Background: Most studies of empathy have focused on young children, and those who are typically developing. Thus, we know little about the emergence and manifestation of empathy in non-normally developing children.
Method: Empathy and response to distress in others were examined in 30 children with Down syndrome, 22 children with nonspecific etiologies of mental retardation, and 22 typically developing children.
Results: Results indicated that compared to the other children, children with Down syndrome responded to distress in others by looking to them more, and offering more comfort in the form of prosocial responses. However, in a hypothetical empathy situation, children with Down syndrome were less likely to feel the same emotion as the protagonist than were the typical children. Children with Down syndrome differed from the children with nonspecific mental retardation only in their response to distress in others. The children with nonspecific mental retardation were more similar to than different from the MA-matched typical children.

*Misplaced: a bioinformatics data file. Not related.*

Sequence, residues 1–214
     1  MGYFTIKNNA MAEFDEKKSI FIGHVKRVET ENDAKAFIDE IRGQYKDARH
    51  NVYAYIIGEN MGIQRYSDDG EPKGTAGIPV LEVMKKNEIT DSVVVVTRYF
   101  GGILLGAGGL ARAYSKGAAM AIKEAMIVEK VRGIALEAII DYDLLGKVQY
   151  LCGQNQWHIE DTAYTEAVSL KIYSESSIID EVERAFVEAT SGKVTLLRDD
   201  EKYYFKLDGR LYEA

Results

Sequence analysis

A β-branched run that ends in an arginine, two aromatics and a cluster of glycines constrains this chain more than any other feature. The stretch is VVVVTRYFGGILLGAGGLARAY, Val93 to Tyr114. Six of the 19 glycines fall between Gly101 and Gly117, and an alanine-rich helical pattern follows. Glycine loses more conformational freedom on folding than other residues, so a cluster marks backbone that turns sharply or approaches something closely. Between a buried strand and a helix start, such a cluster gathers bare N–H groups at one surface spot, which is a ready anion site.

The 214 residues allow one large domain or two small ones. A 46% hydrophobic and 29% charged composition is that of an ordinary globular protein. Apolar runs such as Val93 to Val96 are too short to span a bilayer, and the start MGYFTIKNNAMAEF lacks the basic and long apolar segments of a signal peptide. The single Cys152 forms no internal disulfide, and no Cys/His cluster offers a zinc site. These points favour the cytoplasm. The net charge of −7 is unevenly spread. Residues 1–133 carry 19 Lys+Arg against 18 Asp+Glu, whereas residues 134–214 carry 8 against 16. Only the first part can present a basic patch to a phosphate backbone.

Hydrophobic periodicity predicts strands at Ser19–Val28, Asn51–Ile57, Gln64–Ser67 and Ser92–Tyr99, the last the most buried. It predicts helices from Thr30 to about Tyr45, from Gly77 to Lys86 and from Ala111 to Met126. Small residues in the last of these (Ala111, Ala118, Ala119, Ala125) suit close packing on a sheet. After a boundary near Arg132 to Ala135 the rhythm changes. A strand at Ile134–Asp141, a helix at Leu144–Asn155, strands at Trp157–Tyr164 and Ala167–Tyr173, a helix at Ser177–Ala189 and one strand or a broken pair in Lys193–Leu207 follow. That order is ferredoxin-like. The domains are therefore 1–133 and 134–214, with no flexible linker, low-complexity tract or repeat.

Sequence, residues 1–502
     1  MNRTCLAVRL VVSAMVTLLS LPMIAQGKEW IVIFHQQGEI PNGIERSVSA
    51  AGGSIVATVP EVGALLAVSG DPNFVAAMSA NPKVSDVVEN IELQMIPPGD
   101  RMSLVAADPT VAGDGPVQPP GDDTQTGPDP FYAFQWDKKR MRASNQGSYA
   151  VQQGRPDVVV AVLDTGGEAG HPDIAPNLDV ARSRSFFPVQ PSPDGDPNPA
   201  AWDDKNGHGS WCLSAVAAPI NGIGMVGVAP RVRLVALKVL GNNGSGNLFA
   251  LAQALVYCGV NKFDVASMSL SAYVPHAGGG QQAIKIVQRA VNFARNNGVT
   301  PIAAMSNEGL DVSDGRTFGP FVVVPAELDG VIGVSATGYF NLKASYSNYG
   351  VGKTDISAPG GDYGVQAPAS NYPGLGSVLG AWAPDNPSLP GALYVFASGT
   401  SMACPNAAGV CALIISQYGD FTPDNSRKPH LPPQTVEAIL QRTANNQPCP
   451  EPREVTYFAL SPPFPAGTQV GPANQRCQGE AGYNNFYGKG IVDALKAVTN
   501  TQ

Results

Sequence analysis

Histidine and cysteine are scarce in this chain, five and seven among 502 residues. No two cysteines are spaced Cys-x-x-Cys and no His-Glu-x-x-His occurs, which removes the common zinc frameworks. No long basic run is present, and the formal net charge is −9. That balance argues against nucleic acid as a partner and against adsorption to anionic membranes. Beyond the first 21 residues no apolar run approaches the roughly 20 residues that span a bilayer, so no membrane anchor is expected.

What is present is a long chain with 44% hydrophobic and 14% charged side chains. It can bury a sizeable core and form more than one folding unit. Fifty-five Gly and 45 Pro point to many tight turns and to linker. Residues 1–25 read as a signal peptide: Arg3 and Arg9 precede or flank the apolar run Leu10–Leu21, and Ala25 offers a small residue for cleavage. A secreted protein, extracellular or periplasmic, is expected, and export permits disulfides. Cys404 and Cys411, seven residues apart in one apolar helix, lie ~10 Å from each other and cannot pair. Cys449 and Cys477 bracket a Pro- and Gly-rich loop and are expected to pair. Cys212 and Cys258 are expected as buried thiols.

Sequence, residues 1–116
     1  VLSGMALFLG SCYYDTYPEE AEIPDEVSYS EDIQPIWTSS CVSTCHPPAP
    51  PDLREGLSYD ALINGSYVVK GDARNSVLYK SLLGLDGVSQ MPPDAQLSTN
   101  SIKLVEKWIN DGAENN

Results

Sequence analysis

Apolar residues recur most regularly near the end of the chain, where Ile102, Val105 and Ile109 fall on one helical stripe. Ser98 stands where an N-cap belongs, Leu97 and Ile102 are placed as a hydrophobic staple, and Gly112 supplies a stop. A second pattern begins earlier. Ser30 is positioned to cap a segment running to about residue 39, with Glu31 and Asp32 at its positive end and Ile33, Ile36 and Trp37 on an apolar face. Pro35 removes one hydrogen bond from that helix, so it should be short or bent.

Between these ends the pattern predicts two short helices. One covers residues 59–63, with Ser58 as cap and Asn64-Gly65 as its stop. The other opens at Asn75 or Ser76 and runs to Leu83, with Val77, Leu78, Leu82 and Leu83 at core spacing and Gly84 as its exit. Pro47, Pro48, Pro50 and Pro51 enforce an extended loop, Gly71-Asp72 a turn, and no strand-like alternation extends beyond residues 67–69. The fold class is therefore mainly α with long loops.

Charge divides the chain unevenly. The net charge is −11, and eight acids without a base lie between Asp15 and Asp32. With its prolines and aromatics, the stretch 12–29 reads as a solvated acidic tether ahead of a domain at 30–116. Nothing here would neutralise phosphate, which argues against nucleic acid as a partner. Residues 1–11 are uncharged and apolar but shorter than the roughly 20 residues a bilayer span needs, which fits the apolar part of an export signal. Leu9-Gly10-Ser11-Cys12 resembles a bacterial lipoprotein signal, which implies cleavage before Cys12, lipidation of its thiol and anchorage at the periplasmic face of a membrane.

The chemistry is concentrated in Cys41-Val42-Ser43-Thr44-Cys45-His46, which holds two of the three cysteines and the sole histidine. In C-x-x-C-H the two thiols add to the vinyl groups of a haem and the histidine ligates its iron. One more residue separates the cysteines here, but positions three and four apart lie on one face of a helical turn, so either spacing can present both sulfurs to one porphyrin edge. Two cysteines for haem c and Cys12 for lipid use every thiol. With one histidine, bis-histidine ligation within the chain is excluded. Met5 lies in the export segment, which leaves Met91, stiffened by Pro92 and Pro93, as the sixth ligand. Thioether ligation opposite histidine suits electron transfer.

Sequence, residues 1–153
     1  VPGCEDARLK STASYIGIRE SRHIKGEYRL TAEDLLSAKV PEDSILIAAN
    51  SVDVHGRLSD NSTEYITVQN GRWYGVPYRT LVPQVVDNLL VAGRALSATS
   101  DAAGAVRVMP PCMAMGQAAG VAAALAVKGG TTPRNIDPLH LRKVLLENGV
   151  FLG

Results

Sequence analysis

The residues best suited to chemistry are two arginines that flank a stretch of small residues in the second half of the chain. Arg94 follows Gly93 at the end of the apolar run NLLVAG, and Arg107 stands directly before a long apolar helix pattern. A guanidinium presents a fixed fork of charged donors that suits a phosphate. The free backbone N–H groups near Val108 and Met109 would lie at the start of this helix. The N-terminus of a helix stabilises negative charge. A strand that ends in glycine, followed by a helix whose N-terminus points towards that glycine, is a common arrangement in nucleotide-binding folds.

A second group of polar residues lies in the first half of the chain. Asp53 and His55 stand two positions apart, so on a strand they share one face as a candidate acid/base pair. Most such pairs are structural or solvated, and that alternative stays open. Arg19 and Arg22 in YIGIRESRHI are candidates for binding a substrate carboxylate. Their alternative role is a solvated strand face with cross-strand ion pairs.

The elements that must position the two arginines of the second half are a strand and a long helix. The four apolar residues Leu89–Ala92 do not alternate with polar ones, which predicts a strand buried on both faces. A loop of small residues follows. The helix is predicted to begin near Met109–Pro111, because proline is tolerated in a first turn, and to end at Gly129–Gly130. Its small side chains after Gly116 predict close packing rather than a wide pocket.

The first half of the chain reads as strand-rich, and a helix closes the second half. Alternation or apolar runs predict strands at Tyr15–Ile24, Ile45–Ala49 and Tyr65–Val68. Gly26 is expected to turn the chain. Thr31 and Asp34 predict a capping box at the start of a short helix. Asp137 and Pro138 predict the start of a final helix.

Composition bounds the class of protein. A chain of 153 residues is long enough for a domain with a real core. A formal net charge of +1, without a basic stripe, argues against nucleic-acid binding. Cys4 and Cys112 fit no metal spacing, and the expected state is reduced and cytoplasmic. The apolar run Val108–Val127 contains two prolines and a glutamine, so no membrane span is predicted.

Conclusions: These results suggest some etiology-associated differences in empathy and response to distress in children with mental retardation.